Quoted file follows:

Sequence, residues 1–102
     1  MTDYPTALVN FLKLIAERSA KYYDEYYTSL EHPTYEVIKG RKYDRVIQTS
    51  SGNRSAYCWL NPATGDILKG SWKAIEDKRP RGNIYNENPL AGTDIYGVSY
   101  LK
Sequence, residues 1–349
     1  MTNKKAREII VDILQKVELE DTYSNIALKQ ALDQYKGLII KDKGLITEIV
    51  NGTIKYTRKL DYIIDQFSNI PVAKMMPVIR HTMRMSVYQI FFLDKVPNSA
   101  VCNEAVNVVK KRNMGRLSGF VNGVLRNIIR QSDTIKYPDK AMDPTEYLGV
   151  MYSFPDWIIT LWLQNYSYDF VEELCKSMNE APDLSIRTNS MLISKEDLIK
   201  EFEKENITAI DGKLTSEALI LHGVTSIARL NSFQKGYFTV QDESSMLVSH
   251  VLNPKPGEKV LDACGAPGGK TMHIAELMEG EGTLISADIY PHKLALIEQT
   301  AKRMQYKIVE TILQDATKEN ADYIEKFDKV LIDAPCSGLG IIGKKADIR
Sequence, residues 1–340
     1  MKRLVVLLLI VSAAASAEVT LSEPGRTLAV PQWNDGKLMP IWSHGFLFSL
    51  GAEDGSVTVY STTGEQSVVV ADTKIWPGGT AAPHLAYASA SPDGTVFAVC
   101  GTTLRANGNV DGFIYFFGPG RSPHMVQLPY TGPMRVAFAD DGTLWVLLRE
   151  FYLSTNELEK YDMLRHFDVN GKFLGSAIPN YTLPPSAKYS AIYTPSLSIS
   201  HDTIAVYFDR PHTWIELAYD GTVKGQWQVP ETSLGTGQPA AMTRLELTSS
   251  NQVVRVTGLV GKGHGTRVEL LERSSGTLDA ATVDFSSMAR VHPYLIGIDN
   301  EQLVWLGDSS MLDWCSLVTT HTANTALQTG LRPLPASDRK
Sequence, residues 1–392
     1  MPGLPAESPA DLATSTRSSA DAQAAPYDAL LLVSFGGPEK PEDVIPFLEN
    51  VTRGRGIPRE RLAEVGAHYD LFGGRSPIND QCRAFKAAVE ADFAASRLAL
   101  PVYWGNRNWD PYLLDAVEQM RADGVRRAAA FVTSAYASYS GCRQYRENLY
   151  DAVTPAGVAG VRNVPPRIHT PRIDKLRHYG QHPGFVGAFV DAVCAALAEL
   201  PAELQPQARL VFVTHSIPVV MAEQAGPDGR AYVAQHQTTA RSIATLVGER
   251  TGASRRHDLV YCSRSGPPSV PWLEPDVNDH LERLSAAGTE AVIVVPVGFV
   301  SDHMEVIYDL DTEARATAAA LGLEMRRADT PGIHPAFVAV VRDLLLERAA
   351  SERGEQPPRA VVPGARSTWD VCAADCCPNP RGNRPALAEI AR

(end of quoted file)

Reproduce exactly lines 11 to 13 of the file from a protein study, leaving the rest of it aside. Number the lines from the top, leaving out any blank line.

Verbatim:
   251  VLNPKPGEKV LDACGAPGGK TMHIAELMEG EGTLISADIY PHKLALIEQT
   301  AKRMQYKIVE TILQDATKEN ADYIEKFDKV LIDAPCSGLG IIGKKADIR
Sequence, residues 1–340